“I don’t even have words for the gratitude I feel – thank you, thank you. When you have an opportunity like this, it really makes a profound impact on your life,” said Kricket Caffery in a recent Zoom call.
Kricket had a long journey to homeownership. Over the years, serving as a Marine in Japan, experiencing several of her family and friends unexpectedly passing away, and a divorce, she was alone and had to do something to stay motivated in life. Kricket says, “in the Marines, ‘Pain is temporary, and pride is forever, and I truly believe that.”
She started with building a solid financial foundation by taking $500 of her savings to start a business related to circus classes. She held workshops and taught people from the ages 8 – 62 how to walk on stilts and make stilts using power tools. Kricket says the circus brings joy and love to the world and helps fight depression. She found an opportunity as there were not many places selling circus equipment, so she started making and selling stilts, costumes, and art online.
As a resident of Portland, the frequent rent increases caused her to move often. Stability was also essential to improving her health, which was affected while serving in the Marines. With the goals of improving her personal health, financial well-being, and expanding her business, she set a goal to find a new home in Oregon and on the west side of Interstate 5.
She worked to get a Veterans’s Administration (VA) loan, but she needed a little more income than she received with her business to qualify. One of the eligibility requirements for the loan also meant that she had to establish employment history in addition to working for her own business. She researched communities and potential employment opportunities. She found a local company near where she wanted to buy her home that could use her skills and made a presentation to them. They hired her on the spot. But this new part-time job also meant making some sacrifices to achieve her future goal. She took a cut in pay, and each week, she left her friends and family to drive four hours from Portland to Bandon and camped during the week in veteran supported campsites.
Finally, she qualified for a $135k VA loan, found a tiny home in Lakeside, an unincorporated community in Coos County at the right price, and coincidently, it was built on stilts! The home could not have been more perfect for her as it also included a more expansive shop than the house itself; perfect for expanding her business. “I cried the day I got my keys. I always worked and nothing was never handed to me, but I feel like I have received a gift. It was eye-opening – it showed me that every step we take in our lives matters.”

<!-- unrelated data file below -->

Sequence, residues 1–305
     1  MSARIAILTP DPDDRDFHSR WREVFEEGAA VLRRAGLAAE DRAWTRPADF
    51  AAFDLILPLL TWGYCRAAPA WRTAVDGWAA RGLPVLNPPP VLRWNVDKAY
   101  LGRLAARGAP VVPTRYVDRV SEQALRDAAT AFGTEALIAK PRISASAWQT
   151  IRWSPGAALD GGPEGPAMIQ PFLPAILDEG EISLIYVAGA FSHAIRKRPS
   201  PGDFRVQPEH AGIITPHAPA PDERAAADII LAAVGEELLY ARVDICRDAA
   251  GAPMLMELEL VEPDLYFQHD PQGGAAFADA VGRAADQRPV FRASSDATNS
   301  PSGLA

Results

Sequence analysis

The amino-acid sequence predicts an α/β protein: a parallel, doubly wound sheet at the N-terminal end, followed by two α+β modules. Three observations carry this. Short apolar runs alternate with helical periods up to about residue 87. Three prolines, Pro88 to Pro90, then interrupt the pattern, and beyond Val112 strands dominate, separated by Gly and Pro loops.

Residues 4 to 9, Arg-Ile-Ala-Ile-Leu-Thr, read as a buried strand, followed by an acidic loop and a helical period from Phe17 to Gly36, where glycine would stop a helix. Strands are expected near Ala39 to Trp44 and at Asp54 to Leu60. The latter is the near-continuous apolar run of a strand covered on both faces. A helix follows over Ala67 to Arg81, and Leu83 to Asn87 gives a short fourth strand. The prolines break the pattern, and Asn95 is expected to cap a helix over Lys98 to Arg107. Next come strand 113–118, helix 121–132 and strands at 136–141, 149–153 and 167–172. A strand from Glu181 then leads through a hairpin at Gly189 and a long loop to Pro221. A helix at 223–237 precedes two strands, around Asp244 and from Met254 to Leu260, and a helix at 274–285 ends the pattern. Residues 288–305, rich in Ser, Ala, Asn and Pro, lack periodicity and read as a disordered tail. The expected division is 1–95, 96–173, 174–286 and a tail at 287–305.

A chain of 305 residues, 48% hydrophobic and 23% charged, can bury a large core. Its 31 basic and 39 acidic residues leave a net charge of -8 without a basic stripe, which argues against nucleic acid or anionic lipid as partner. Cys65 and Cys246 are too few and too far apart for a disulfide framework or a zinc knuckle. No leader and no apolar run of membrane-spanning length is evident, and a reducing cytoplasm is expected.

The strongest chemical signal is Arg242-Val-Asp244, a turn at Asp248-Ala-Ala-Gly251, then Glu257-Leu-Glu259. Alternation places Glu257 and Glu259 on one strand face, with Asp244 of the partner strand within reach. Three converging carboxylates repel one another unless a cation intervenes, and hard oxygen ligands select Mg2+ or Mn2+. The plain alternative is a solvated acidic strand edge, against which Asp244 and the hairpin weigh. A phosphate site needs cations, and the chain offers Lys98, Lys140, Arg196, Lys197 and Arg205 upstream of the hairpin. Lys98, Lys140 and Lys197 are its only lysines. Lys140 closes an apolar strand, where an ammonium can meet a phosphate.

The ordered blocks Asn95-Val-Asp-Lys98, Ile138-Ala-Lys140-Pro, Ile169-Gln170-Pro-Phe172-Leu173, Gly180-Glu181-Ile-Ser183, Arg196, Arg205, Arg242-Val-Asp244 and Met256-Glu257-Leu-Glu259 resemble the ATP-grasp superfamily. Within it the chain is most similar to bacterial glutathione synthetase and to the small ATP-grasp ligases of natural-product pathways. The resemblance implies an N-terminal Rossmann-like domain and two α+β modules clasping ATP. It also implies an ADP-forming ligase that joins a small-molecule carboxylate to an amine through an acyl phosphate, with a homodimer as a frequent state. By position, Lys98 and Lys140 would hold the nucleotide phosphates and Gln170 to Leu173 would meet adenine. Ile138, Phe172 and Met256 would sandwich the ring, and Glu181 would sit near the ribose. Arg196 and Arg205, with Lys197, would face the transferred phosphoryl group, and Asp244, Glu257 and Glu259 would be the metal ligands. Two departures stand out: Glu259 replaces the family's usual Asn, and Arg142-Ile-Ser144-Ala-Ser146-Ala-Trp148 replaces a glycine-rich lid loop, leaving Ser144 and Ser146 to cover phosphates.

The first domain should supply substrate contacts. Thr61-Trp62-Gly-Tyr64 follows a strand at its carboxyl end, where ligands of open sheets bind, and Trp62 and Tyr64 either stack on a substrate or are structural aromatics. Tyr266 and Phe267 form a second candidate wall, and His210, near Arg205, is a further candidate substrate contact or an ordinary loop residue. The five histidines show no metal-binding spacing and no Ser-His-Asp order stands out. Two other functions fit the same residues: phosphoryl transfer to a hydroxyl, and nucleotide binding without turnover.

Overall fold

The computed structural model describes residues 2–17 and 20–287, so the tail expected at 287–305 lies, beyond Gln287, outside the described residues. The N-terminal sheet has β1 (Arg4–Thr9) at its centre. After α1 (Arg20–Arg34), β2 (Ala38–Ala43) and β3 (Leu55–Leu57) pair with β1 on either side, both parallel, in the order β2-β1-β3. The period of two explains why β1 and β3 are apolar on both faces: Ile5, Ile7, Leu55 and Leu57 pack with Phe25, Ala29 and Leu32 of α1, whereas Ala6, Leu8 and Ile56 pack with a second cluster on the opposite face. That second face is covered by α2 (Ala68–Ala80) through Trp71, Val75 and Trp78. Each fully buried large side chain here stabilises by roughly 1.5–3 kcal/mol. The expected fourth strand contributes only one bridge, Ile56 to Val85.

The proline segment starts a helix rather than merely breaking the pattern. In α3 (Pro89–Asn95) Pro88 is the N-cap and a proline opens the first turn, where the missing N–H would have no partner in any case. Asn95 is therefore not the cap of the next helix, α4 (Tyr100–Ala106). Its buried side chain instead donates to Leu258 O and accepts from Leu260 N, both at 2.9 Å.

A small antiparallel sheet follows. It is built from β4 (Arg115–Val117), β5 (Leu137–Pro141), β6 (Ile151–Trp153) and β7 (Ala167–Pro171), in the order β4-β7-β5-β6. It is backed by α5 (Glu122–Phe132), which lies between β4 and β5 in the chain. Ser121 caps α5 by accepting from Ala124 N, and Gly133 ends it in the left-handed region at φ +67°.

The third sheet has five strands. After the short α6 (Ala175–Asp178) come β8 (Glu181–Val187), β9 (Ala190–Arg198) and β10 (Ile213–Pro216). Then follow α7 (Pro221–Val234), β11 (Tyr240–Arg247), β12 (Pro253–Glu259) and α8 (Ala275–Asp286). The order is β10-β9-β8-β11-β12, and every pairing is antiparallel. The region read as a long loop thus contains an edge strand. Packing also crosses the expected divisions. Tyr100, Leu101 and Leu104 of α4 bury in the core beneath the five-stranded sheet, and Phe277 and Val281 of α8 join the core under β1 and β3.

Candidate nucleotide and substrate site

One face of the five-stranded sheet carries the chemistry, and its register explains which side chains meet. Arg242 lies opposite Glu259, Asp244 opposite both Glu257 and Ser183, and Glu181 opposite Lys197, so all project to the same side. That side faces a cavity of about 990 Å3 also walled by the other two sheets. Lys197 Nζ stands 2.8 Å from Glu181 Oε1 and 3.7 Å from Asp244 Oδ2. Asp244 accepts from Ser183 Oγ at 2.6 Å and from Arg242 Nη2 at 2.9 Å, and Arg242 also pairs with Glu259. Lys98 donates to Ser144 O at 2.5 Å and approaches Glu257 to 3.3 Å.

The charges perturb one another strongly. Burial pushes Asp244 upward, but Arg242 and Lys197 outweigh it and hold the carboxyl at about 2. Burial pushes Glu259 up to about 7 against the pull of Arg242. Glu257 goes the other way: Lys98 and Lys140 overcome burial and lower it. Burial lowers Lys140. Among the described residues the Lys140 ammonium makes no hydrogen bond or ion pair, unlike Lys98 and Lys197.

Some problems with the home required repairs as they caused mold and allergen health hazards. Kricket replaced the roof as she was allergic to the shingles made of Cedarwood. Sheetrock, rotted out studs, and wall insulation were replaced to alleviate mold issues. The outside of the house was resided and weathered areas repainted. She installed a heater in the living room where there was no heat previously. She also added a hallway and bedroom, both with non-allergen flooring. “Without NeighborWorks Umpqua, I would not have been able to save money for the repairs,” acknowledged Kricket.
Through coaching programs at NeighborWorks Umpqua, she saved money and refinanced her home mortgage to make additional repairs in the Spring of 2020. As part of the refinancing process, she had an appraisal, and it showed the value as less than she originally paid. With help from NeighborWorks Umpqua, she gathered a second appraisal, which showed a substantial increase in the home’s value by 32%. The hard work on her home improvements paid off, as this now has enabled her to do three things: 1) pay off her credit card debt, 2) make further repairs to her home, and 3) replace tools that she needed to grow her business.
This home equity Kricket worked to build helped make 2020 a positive year, even though she had challenges as a small business owner, with sales down 60%. “Thank you NeighborWorks Umpqua for this amazing program and for helping me, it has made a huge difference in my life and future. We are all one, and it takes everyone — when you learn to walk on stilts, everyone starts by holding hands together.”
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